Aging in Place

Do you have an aging loved one? Are they ready for a change, but not ready to move out of their home yet? Aging in Place may be the right step for them. Aging in Place promotes staying in the home as long as possible by making modifications to the home.

There are many changes that you can make to ensure your loved one’s home is safe and manageable for them. Aging in Place promotes making modifications to their current home that enables your loved one to stay in the same home they have lived most of their life.

So how do you begin the process of making modifications to your loved one’s home? Do you need the help of a professional? Where do you start?

Here are some tips for making modifications to a loved one’s home who will be Aging in Place:

Clear up any clutter: Making sure that steps, hallways, and doors are clear of clutter is a good first step.Clutter can be an obstacle that creates tripping, falling, and other unfortunate outcomes. Clearing clutter from main walkways will help to provide room for walkers, wheelchairs, or just extra room for assistance with walking.

Use organizing products to help manage stuff: Clearing up clutter is a great first step and using organizing products to help clear up the clutter can be a big help. Depending on what your loved one wants to keep, you may want to invest in some storage bins, totes, or other organizing products to keep their things maintained and organized.

Establish a timeline: Having a plan for the process is key. Whether you are going to tackle it room by room or start smaller, have a plan. Discuss the plan with your loved one so you are on the same page. Have a goal for how much time per day or how many days per week you will plan on going through items and making necessary modifications. Having a deadline will also help you both reach your Aging in Place goals.

Determine if any items are being donated and where to take them: clearing up clutter can result in many items your loved one didn’t even realize they had. If they are willing to let go of unneeded items, make a donation pile. Determine where you can take the donations. Depending on what it is, you may be able to make a trip to your local Goodwill. Other items such as televisions require different donation centers. Do some research online for any items that are not accepted by Goodwill or other donation stores nearby.

Add any modifications as needed: Depending on the state of health your loved one is in, making modifications to the home may be necessary. Grab bars, wheelchair ramps, etc. should be installed by an Aging in Place specialist. They will have training on this type of work so you know that you can trust the newly added modifications to your loved one’s home.

Call in a professional if needed: Senior Move Managers and NASMM@Home Specailists are equipped to help you and your aging loved one de-clutter, organize, and provide resources. This will help ensure that their living arrangements fit their current and future needs. Having the help of a professional can make the process easier on you and your aging loved one.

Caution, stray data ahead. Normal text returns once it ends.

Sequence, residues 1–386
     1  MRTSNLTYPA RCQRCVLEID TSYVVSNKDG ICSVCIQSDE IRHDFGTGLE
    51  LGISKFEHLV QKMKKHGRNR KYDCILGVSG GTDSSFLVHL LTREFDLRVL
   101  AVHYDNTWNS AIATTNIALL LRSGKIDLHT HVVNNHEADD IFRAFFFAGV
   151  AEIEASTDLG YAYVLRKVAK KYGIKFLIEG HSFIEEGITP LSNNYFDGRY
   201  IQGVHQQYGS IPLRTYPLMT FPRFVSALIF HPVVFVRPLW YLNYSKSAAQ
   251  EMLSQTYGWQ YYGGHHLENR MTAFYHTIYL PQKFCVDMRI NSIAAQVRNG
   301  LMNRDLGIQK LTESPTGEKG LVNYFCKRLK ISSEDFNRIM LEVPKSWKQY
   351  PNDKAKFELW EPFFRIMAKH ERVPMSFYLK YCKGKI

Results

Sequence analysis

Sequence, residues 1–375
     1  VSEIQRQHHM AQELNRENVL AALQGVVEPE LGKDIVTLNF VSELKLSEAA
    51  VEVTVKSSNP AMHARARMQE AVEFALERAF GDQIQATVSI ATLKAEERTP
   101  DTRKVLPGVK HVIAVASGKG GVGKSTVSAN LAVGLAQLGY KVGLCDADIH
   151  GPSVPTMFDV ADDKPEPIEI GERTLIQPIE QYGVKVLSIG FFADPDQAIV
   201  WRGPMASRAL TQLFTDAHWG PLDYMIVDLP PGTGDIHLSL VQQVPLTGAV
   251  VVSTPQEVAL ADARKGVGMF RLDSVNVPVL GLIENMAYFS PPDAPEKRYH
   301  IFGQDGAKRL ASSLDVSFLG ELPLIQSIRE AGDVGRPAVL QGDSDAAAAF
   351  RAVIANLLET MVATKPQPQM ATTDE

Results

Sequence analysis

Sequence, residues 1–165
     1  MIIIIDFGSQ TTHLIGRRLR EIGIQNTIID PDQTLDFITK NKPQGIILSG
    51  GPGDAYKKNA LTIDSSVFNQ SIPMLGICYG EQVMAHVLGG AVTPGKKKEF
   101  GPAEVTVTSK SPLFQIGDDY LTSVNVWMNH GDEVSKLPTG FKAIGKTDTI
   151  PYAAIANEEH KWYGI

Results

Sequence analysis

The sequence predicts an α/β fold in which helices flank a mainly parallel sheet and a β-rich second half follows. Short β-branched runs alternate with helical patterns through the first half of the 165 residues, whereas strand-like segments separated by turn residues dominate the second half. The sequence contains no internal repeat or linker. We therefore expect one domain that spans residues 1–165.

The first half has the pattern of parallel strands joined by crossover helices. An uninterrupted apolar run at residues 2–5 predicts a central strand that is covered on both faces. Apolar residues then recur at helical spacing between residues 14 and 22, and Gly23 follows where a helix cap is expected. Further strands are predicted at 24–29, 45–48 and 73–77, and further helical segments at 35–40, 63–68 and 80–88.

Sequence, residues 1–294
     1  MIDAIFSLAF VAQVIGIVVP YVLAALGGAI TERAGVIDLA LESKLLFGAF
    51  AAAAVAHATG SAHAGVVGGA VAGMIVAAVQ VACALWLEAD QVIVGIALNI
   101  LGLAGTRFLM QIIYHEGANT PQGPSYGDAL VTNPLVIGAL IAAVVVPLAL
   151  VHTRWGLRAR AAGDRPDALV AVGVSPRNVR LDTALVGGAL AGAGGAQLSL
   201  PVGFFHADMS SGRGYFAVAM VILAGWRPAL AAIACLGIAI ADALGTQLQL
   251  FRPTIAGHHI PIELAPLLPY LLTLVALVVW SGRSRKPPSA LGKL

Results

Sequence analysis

Helping Seniors Downsize Decades of Clutter

Harry and Doris lived in their beautiful two story home for 46 years. Their home used to be filled with growing children, the neighbor kids; now, it is empty. At some point in their life, they were able to race up the stairs in their home.

Now, the staircase has become difficult to manage. Their adult children worry about their safety. The house is too big and requires too much work for Harry and Doris. Perhaps it is time to move to a smaller home. They have made the decision to downsize and move to a smaller home. Where do Harry and Doris begin to downsize 46 years worth of stuff?

Many seniors have a two story, five bedroom home with several decades of dishes, furniture, slides, collections, and adult children’s past term papers and toys.  You realize that all of these things are not going to fit in your new home.  How do Harry and Doris begin to start the process of dealing with all of this.

Consider these points when starting the process of downsizing and moving on:

A good way to start is to get someone to help you through the downsizing process because it can be overwhelming. You need help and support.

Think about what you really need and will use. Will you need place settings for 12 or will 6 be enough? Do you really need a turkey roaster? When is the last time you made Thanksgiving dinner or do you always go to your son’s home for Thanksgiving?

Why not give pieces of furniture or other items to family members or friends that have admired them for years? If your granddaughter has loved your china hutch for years, why not give it to her now and see the joy and happiness that it brings her?

Adult children need to get their stuff out of your attic or spare bedroom! Unless you have decided to go into the rental storage business, adult children need to get their stuff out of your home.

Do not overwhelm yourself. Start with small steps. Work a little each day on a section of your home: a drawer, or a closet shelf.

If you feel overwhelmed looking at a pile of papers that you need to sort through, start with just 15 minutes. Set an egg timer for 15 minutes, sort through the pile and then stop working when the timer goes off. You will make some progress and can start again the next day. Before you know it, you will have sorted through dresser drawers!

Gather resources that you will need such as a charities, antique dealers, real estate agents, and movers.

Remember that every item you own requires your time, energy, maintenance, and money. Decide if the item is worth keeping.

While downsizing can be an emotionally and physically overwhelming process, it can be achieved through planning and organization.  Taking it one step at a time with some assistance can make the downsizing process a little easier.


Multiple Choices, Zero Decisions!

I was recently at the restaurant The Cheesecake Factory for dinner. I have not been there for a while and picked up the menu to make a choice on what to order for dinner. As I was reading the menu, “I thought that salad looks good, but so does that sandwich, or maybe I should have pasta?” After 10 minutes or so, I became overwhelmed by the number of choices available for dinner and not to mention dessert!